CASE Act grants legal tools to stylists

As we enter 2022, there are a couple of important developments every copyright owner should be aware of. One is based on a new Supreme Court decision and the other is the imminent implementation of the Alternative Copyright in Small-Claims Enforcement Act (CASE Act). These developments aim to make law enforcement actions against copyright infringers more accessible and effective. As a result, these new advances offer designers additional legal tools they can use in their intellectual property protection arsenal. The key points of Unicolors v. H&M and the upcoming CASE Act.

The Supreme Court of the United States determines that incorrect copyright registrations based on legal errors do not invalidate registrations or prevent enforcement actions.

On Thursday, February 24, 2022, the US Supreme Court heard the long-running copyright infringement dispute between Los Angeles-based fabric designer, Unicolors Inc., and fast fashion giant, H&M Hennes & Mauritz LP.

Unicolors’ lawsuit against H&M began in 2016 in the Central District of California. Unicolors claimed that H&M was incorporating one of its copyrighted fabric designs, a geometric pattern, without its permission in relation to jackets and skirts. After a jury trial that found a violation, H&M was ordered to pay nearly $ 800,000 in damages and legal fees and expenses. Following this verdict, H&M appealed to the Ninth Circuit, which overturned the decision. The Ninth Circuit felt that Unicolors’ copyright registration could be canceled for failing to meet the “single publishing unit” requirement. The appellate court referred back to the district court, instructing it to refer to the Copyright Registry to determine whether this inaccuracy would cause the registration to be denied. Before the action was postponed, Unicolors filed an appeal with the US Supreme Court.

In its 6-3 decision, the Supreme Court overturned the Ninth Circuit ruling and found that inadvertent inaccuracies in a copyright registration do not void that registration, nor preclude the right holder from making a valid infringement claim. Essential to the Supreme Court question was determining the scope of the phrase “with the knowledge that it was inaccurate”, as postulated in Section 411 (b) (1) (A), the Safe Harbor provision of the statute. Breaking from the Ninth Circuit, the Supreme Court found that Section 411 (b) does not distinguish between error of law and error of fact – in other words, both errors are justified grounds to excuse the inaccuracy of a copyright registration.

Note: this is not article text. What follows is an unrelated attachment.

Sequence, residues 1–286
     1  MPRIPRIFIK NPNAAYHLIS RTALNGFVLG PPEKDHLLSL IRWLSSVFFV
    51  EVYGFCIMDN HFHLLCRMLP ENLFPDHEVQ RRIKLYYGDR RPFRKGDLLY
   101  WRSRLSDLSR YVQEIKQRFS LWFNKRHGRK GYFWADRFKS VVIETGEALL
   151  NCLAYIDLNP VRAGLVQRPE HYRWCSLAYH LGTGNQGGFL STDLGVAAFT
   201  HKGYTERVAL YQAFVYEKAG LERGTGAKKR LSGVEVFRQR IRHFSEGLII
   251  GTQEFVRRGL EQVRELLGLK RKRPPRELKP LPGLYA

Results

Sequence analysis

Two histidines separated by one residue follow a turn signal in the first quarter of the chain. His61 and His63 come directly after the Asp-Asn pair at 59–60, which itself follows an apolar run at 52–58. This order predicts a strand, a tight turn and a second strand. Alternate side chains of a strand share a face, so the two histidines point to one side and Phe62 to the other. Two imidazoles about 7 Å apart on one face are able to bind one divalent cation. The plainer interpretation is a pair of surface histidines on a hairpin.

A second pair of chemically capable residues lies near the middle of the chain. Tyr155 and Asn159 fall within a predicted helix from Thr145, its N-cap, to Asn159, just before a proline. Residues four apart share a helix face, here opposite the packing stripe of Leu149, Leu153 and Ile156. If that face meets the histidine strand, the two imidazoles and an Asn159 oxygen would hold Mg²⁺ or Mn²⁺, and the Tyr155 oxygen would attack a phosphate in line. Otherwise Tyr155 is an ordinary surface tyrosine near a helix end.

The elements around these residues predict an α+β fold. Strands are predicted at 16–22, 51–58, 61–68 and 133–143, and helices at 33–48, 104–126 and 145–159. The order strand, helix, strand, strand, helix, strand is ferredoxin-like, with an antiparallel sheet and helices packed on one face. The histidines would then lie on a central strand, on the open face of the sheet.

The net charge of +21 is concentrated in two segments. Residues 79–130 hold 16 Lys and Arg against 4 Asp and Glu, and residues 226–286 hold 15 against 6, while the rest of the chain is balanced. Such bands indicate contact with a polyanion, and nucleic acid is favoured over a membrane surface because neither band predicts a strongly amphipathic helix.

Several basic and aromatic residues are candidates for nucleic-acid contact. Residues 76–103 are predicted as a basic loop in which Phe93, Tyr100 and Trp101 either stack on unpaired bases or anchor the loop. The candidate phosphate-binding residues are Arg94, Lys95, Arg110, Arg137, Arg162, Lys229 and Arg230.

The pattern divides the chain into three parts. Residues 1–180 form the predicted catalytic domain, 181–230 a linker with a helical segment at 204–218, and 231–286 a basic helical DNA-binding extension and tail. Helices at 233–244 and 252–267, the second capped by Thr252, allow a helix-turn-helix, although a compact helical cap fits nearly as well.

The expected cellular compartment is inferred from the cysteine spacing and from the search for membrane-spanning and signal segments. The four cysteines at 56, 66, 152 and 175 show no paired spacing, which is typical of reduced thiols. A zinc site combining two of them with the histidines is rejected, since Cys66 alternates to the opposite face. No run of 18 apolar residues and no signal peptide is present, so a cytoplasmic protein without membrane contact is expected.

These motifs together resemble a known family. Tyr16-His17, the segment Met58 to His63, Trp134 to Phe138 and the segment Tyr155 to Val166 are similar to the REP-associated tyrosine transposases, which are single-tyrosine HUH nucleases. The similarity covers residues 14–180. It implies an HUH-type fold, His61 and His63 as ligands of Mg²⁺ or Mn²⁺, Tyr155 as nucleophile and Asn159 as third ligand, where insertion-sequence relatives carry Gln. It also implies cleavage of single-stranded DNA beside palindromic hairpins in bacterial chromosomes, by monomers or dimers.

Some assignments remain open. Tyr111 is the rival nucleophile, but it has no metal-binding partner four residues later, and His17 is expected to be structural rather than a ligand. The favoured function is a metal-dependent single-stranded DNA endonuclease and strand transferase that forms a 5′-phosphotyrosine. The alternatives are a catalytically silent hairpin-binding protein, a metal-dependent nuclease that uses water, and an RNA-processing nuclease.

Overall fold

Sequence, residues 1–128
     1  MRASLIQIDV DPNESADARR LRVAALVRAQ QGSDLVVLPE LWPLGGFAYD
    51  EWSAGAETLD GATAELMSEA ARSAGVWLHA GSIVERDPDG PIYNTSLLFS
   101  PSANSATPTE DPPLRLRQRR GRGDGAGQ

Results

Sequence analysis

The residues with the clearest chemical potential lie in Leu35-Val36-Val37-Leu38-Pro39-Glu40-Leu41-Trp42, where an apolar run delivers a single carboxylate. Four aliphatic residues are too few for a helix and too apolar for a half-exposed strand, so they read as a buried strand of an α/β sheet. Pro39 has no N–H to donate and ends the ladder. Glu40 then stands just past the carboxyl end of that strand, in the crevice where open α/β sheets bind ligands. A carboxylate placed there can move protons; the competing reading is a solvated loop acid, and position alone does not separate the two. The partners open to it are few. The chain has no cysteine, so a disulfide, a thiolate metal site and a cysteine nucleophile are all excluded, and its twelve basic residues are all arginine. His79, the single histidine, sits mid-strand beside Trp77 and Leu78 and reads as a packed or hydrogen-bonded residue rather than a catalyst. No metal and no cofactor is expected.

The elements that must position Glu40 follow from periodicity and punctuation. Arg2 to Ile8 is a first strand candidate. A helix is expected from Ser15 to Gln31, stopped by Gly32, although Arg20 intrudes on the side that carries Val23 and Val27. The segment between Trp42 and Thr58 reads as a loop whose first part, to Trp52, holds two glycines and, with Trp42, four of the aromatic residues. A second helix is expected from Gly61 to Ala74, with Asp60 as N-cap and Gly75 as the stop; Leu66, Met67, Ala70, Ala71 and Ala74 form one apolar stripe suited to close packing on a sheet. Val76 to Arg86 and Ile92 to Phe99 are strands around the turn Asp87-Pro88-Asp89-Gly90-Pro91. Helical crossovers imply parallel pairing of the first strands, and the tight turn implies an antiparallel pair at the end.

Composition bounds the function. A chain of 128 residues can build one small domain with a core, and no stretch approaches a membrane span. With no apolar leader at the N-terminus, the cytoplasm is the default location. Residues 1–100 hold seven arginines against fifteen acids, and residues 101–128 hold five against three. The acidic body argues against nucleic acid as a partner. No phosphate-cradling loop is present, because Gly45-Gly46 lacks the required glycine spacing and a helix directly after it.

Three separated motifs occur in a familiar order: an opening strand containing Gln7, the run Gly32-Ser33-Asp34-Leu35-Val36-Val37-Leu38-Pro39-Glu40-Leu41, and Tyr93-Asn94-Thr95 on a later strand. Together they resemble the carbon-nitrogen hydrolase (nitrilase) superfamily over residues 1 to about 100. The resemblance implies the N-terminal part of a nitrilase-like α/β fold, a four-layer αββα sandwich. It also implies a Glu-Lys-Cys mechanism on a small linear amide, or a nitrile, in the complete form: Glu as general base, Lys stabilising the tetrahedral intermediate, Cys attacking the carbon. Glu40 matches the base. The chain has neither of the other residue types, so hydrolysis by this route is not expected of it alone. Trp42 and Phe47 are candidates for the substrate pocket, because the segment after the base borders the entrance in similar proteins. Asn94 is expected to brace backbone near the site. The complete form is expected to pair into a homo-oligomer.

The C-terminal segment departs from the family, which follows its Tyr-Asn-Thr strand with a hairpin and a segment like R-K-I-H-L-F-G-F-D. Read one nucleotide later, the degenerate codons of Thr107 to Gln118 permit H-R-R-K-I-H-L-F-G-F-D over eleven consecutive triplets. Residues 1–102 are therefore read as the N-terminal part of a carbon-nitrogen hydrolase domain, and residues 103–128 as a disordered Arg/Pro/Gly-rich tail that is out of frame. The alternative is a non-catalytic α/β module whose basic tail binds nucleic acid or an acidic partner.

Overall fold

In reaching this decision, the Supreme Court cited extensive statutory references and jurisprudence consistent with the idea that forgiveness of copyright applicant’s legal errors should be included as much as errors of fact. Perhaps most central to the Supreme Court’s position was the fact that, based on the commentary accounts of the Congressional reports, the intention of Congress in enacting Section 411 (b) was primarily to benefit the non advocate for making copyright registration and enforcement easier, not harder. Therefore, canceling a copyright registration due to legal errors, especially copyright law which is “often esoteric,” would undermine the intentions of Congress.

CASE Act Small Claims Court

In December 2020, Congress passed the Copyright Alternative in Small-Claims Enforcement Act of 2020 (the “CASE Act”) which established what is colloquially known as a small claims court for claims disputes. for violation. As an alternative to appealing to a federal court, often prohibitive given the lengthy process and high legal costs, the CASE Act established the Copyright Claims Board (the “CCB”) as a quicker and cheaper alternative to federal litigation. with a monetary value not exceeding $ 30,000. Through the BCC, litigants must adhere to each other, which means that if a defendant does not wish to participate in the CCB process, the claim will not proceed. In this case, the plaintiff can still go to federal court.

The CCB court, which is expected to begin operating as soon as spring 2022, will limit legal damages to $ 15,000 and actual damages to $ 30,000 (excluding attorneys’ fees and expenses, which in bad faith circumstances are available up to an amount limited of $ 5,000). It will also offer a declaratory remedy which may include infringement / non-infringement statements.

Unlike traditional copyright litigation in the federal district court, the CCB’s rulings will be decided by a three-judge court (requiring consent between two of the three judges). Furthermore, the decisions of the BCC will not create a new law or any form of precedent and will operate only in compliance with existing statutes and the case law of the applicable federal jurisdiction.

Although the CCB is intended to reduce the entry burden for plaintiffs to sue for copyright infringement, paving the way for a new outlet for the resolution of minor disputes, the mutual consent procedure will likely involve the hearing of cases. of CCB between small parts. Given that larger defendants have a disproportionate amount of resources than smaller plaintiffs, these defendants will likely refuse to participate in CCB matters, knowing that plaintiffs will not have the resources to bring a federal lawsuit. Therefore, we suspect that the BCC will primarily serve as an alternative dispute forum for relatively small companies. However, it is a new and viable option for designers to use to assert their copyright interests.

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